English Amateur Billiards Association

EABA : The Amateur Billiard Player : March 1996

The Amateur Billiard Player : March 1996

Professional Scene

Mark Wildman

I am so pleased to be given the opportunity to air my
thoughts and news to more enthusiasts. I will try to
give you easy reading and diverse topics.

As a long standing committee member of the WPBSA billiard
section, I will begin by commenting on the professional
game. Most committees will suggest there is always so much
good news that you would not believe there is any problem
at all. That is never the case, whether it be politics,
business, sport or anything else.

On the credit side, we have the following encouraging
factors:
A record number of paid up professional players – now
approaching 50 in number.

A record average number of entries – now up to 35 per
tournament and increasing.

More ranking tournaments than ever before – seven in all.

More prize money next year than ever before – £210,000.

The highest standard of play since the 1930’s – a
subjective view of course!

A steady stream of young players coming through. All of
the top 5 players are under 35 years old.

Sponsorship Investment of £160,000 plus back up costs of
another £100,000, are substantially in excess of any
previous investment,
The down side is:
We rely heavily on the authority and back up of the WPBSA,
from whom funding of £60,000 is forthcoming. The support
was increased from £25,000 six-months ago.

The billiards committee are reasonably autonomous but,
naturally, are expected by the company to balance the budget
and defer to the above on certain areas. These include
disciplinary hearings, all television negotiations and pocket
templates.

Television exposure of billiards in the UK is virtually nonexistent
now. Exposure in India is huge and post-dated
viewing is always available in South East Asia, on Star
Television. I believe that the time is right for billiards
to earn its keep by way of UK exposure. Grass roots growth
would follow organically, here in the home of billiards.

Geet Sethi made a world record break of 1276 in the World
Championship three years ago – a record under the rules of
the day. In the BSCC days which, for all the spoken and
written criticism, had good aspects also, all records had
to be assessed and confirmed as being on ‘standard’ tables.

Not so now. Geet’s magnificent achievement was made on
an entirely different table from that used at Wigan last
year, for example, where the pockets were so ridiculously
difficult to negotiate that pots along, or even 1″away
from the top cushion, were almost impossible.

Later on last year other games were played at Jim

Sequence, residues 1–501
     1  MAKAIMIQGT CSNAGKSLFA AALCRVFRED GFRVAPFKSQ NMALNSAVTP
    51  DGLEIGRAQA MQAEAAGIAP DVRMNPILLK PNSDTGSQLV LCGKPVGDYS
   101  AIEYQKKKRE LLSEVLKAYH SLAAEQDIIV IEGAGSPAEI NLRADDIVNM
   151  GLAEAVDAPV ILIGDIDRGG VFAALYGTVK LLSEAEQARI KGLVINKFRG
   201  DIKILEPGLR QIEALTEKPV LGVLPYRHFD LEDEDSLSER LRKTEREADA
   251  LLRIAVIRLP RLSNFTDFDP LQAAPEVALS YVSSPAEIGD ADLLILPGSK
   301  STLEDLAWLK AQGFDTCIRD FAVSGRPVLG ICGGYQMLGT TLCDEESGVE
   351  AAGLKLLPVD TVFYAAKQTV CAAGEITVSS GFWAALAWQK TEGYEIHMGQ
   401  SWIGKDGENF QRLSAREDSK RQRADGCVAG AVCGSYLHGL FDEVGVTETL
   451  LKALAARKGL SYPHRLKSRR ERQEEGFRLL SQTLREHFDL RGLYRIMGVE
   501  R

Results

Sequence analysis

Williamson’s Northern Snooker Centre. These pockets were
far more liberal and so it goes on – no standard conformity.

This is a necessity in order for records to be written. May
I digress and record my thanks here to Jim for all he has
done to keep billiards going, starting way back in the late
1970s with the UK Billiards. There is no side to Jim, no
glory required – “Never in the field of human conflict etc
etc”. Put his name down!

quite strong but it really is hand to mouth in real terms,
to have any long term objectives. Our position is a year
to year one at the moment and the other pre-mentioned factors
are so fundamental, that discussion on them is inevitable.

Recently, a number of players have suggested that autonomy
for billiards as a corporate body, wholly owned and funded
by the WPBSA, would be the answer. It needs careful
consideration.

I will never forget the last few words uttered to me by
Herbert Beetham, a fortnight before he died. “ark don’t
let this wonderful old game die”. Herbert was not suggesting
that I alone had the key to the door but Albert, Malcolm,
Derek and the many others just were not there at the moment
to address.

Coupled with Herbert’s words I give you a line from Reg
Budden of Bournemouth – a 1930s 500 break player, sadly now
also gone.

“Sports are like everything else. They live, then die – like
languages, like business, like living species. But, billiards
will survive many years longer, because of its long history.

No easy come, easy go for the three ball game. It has
history”
Good stuff this. You’ve got the message I hope. The Amateur
Championship, played for since 1888, has few rivals in sport
for its history as an ancient head to head encounter of skills.

Just think of all those names posing for a black and white
exposure: H C Virr, Major Fleming, S. H. Fry, Herbert Beetham,
Jack Karnehm, Norman Dagley.

Not even in Post war years, when tables were being given
away, did the Championship falter and even very recently,
when politics reared its ugly head, that same spirit prevailed
yet again to secure the continuity of the amateur billiards
blue riband event.

It is all too deep to explain – you cannot easily kill spirit!

Now, some snippets of information to finish with:
Chris Shutt is expected to turn professional shortly. What
a player. Lay off a bit, – Albert!

There is a Northants Billiard League playing from Raunds
every Tuesday night.

Our thanks to Mark Wildman for the article; with his
pedigree both in the amateur game as a former national
champion together with his current position within the
WPBSA he is ideally placed to provide a keen insight into
what’s going on in the professional game and I hope that
he will become a regular contributor. The Amateur Billiard
Player, despite its stated focus, recognises the immense
interest generated by the professional world and will
continue to provide comprehensive coverage of events and
achievements…over to you Mark.

Editor

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